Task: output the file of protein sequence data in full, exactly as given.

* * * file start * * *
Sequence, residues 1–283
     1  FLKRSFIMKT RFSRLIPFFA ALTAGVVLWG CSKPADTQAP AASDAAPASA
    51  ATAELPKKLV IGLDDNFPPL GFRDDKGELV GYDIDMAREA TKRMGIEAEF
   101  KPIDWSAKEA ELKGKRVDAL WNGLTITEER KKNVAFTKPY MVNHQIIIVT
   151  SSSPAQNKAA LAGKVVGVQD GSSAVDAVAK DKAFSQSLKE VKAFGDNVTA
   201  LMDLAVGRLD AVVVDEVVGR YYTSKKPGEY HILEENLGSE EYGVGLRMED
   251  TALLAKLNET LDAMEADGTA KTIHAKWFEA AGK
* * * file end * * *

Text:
Sequence, residues 1–283
     1  FLKRSFIMKT RFSRLIPFFA ALTAGVVLWG CSKPADTQAP AASDAAPASA
    51  ATAELPKKLV IGLDDNFPPL GFRDDKGELV GYDIDMAREA TKRMGIEAEF
   101  KPIDWSAKEA ELKGKRVDAL WNGLTITEER KKNVAFTKPY MVNHQIIIVT
   151  SSSPAQNKAA LAGKVVGVQD GSSAVDAVAK DKAFSQSLKE VKAFGDNVTA
   201  LMDLAVGRLD AVVVDEVVGR YYTSKKPGEY HILEENLGSE EYGVGLRMED
   251  TALLAKLNET LDAMEADGTA KTIHAKWFEA AGK